‘One of the biggest changes is that today many people buy whisky just for investment, like people were doing for wine. That is very new in whisky at this level. The result is crazy prices that don’t make sense at all.’
Given this fact, do you see your own whiskies more as investments now than future drinking bottles?
‘It would be dishonest to tell you that I don’t think twice now. In my bar, I stick to my philosophy to make more people try these legendary bottles.I recently opened a Laphroaig 1967 Samaroli and a Bowmore 1966 Bouquet. I could have sold them so easily by the bottle, but that’s not fun. I had so many people flying from all over Asia just to try them at the bar. That’s crazy, but such a good feeling to see happy faces when people can try those beauties.
‘Regarding my private collection, I have many rare bottles that are suddenly worth a lot of money. For some, the value is three, or even five, times higher than one year ago. The market for those legendary bottles really has become absolutely nuts. I still open good bottles at home. At the moment, I have open a Bowmore 1966 Prestonfield, a Port Ellen 1974 Sestante, a Laphroaig 1968 Celtic Label, a Springbank 1964, a Talisker 1955 Gordon & MacPhail Cask Strength and few other good ones.’
What are some of your favourite Scotch whiskies and why?
‘Laphroaig pre-1980s distillation. They are just the best whiskies for my palate. I have many in my collection, distilled in the 1950s and 1960s. They are so complex and so good. All those Filippi [Fausto] imported bottles from the 1960s, Bonfanti from the 1970s, the Carlton imports for the US market from the late 1960s – they’re all stunning whiskies.
‘I love Ardbeg from the 1960s and 1970s, Brora from the early 1970s, Caol Ila from the 1960s, Bowmore from the 1950s and 1960s, some great Longmorn from the 1960s and 1970s, and some single malts from specific vintages, such as Jura from 1966, Glen Ord from 1962, Benriach 1976. They were unique in profile with a strong character. You can’t find anything like those whiskies today.’
Hidden treasure: A few of Dron’s Samaroli bottlings, including a 1967 Laphroaig and 1966 Bowmore
What are the most prized bottles in your collection?
‘Port Ellen 12 Year Old bottled for the Queen’s visit [to the distillery] on 9 August 1980. The only Port Ellen officially bottled in 1967, the year of the reopening of the distillery. The only 1967 ever bottled, probably. A very rare Bruichladdich 1960 single cask, very dark Sherry, bottled in 1973, produced before the distillery changed its style to a non-peaty malt during that year. I also have a rare 1958 dumpy Cadenhead Bruichladdich. A vertical of Laphroaig 1963, 1964, 1968, 1971 and 1973 bottled by Berry Brothers. A vertical of 10 different Ardbeg 1967 dumpy Signatory Vintage bottlings, with three US versions included.’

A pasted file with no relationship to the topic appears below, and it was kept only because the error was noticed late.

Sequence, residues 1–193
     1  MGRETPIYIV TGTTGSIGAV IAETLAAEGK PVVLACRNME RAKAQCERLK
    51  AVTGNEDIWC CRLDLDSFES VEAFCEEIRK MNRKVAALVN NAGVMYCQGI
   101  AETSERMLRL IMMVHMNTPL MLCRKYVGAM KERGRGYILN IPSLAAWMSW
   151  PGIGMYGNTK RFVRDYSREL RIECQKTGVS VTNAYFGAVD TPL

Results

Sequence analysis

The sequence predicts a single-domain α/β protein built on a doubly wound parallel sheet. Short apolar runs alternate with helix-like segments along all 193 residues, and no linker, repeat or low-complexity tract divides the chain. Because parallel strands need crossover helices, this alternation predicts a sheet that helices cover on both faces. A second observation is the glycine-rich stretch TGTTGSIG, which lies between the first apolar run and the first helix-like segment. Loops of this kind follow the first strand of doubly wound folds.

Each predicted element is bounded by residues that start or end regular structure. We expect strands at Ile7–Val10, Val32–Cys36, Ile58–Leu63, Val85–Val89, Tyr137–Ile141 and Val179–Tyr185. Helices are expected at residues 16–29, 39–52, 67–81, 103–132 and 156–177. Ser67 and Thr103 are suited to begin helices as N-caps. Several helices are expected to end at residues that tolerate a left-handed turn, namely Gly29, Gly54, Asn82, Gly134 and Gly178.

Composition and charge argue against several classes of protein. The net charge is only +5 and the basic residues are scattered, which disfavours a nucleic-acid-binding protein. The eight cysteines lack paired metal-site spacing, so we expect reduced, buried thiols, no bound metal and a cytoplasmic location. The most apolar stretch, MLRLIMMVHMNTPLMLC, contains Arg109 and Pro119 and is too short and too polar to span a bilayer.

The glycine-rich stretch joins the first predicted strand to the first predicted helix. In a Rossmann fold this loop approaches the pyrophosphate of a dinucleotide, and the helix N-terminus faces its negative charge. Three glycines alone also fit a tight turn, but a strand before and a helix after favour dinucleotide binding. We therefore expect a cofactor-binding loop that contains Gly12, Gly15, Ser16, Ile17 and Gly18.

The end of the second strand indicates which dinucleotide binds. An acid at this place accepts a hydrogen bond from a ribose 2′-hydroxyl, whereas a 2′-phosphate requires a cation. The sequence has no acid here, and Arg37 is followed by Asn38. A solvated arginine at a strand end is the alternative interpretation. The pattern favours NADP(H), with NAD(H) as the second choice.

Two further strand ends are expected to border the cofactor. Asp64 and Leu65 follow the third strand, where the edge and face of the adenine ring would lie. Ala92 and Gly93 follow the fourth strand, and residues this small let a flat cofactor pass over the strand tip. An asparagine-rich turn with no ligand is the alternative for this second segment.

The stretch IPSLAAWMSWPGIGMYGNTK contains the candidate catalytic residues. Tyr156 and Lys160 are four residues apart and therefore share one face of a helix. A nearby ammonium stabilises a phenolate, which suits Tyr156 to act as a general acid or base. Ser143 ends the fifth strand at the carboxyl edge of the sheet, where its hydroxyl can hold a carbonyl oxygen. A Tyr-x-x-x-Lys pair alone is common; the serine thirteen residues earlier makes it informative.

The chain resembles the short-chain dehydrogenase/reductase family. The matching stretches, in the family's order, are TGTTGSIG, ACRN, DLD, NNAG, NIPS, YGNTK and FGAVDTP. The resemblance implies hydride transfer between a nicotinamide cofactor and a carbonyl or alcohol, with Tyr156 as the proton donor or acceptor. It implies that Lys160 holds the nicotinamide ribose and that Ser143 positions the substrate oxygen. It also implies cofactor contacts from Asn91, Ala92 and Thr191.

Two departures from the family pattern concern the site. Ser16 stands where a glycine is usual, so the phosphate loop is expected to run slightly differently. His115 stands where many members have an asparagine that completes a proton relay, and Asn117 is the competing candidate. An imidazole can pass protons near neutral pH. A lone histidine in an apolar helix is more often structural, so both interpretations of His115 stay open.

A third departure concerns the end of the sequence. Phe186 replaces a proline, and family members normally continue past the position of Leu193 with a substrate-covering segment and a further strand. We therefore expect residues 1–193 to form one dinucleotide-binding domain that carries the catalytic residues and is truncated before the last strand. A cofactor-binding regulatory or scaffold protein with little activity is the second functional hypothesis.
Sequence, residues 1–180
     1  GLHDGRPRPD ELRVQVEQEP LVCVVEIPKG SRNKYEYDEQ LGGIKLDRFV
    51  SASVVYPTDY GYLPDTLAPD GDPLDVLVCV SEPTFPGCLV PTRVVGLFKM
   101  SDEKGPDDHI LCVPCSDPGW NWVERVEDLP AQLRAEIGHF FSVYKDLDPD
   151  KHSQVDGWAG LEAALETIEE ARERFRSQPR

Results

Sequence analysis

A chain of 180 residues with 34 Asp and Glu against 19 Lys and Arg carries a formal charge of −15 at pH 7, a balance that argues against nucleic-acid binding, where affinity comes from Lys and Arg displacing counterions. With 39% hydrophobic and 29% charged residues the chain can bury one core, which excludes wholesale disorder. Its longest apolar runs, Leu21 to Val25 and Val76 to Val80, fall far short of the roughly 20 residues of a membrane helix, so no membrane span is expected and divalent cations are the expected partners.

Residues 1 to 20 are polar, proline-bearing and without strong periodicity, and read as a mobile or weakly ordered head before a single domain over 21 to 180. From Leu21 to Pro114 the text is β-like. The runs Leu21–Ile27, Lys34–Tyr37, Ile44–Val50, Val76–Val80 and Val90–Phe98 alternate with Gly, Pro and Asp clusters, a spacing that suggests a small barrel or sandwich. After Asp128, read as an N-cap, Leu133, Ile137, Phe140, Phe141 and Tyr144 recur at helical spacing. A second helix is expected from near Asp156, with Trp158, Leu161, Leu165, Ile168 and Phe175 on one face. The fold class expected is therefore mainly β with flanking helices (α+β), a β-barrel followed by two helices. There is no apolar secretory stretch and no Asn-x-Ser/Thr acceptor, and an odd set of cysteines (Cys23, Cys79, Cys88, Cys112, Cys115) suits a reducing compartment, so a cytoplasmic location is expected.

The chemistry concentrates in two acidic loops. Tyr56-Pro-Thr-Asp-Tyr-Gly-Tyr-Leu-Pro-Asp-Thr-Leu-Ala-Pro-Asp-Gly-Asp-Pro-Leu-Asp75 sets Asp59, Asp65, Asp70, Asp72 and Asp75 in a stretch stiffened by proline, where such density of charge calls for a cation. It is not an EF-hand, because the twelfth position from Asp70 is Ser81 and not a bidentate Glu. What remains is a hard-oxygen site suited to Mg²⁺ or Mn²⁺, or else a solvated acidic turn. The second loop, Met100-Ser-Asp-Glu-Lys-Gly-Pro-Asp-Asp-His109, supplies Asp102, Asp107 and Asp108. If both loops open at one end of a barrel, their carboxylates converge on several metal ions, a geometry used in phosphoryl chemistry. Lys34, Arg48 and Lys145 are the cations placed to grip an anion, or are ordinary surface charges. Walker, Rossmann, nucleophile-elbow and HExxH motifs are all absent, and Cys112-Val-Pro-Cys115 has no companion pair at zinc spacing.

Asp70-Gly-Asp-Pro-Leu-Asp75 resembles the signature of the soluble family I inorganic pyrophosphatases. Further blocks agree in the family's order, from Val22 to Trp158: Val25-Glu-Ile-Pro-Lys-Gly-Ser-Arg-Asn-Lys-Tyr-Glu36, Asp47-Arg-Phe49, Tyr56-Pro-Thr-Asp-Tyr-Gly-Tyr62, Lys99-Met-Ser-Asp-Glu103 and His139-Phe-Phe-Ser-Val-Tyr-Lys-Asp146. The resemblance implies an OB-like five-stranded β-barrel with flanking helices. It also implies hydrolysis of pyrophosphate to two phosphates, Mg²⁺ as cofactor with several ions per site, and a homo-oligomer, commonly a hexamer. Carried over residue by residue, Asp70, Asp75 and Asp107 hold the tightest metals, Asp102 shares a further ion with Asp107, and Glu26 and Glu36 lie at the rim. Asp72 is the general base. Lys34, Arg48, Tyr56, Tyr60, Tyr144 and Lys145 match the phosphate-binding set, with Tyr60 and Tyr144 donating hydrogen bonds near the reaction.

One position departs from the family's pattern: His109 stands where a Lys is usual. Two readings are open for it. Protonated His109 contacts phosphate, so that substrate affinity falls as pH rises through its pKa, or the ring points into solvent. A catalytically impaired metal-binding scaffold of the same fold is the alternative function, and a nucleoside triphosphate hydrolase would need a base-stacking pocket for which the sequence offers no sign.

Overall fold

What would be your 'holy grail' bottle to find?
‘A real Laphroaig bottled in the 19th century, probably.’
What are some of the greatest whiskies you’ve ever tasted?
‘Laphroaig 1967 and 1970 Samaroli; Ardbeg 1965 and Glen Ord 1962 Cadenhead White Label Mizuhashi for Japan; Glen Moray 1959 Duthies; Bowmore 8 Year Old Pear Shape; Glenfarclas 1955 Square Decanter; Port Ellen 1969 Celtic Label 64.7% abv; Highland Park 10 Year Old “St Magnus” Dumpy from the 1950s; Longmorn 1972 Gordon & MacPhail; Isle of Jura 1966 Samaroli.’
What about your favourite everyday drinking drams?
‘All those 1988, 1989, 1991 Irish whiskeys that you can find on the market. Regarding Scotch whisky, I would say young Caol Ila, 1992 Ardmore, some 1990s Clynelish, early 2000 Bowmore and some recent Littlemills.’
What has been the greatest whisky experience of your life so far?
‘I have two in mind: The Islay Odyssey in 2015. It was an amazing moment of friendship and we shared so many outstanding drams.
‘A whisky bar tour last December in Japan (where I go very often) with my fiancée Hitomi, who is Japanese. She helped me organise an amazing tour around Japan. We visited many cities, many bars and met great bartenders. My goal was to try mostly whiskies I hadn’t tasted before. I was lucky to find a lot of old and very rare beauties. I also had my birthday during that trip at the bar Cask Strength in Tokyo, and was surprised to see many Japanese whisky friends and bar owners. Some flew from Fukuoka to surprise me. That was a very touching moment.’
The Auld Alliance: The bar boasts more than 1,500 whiskies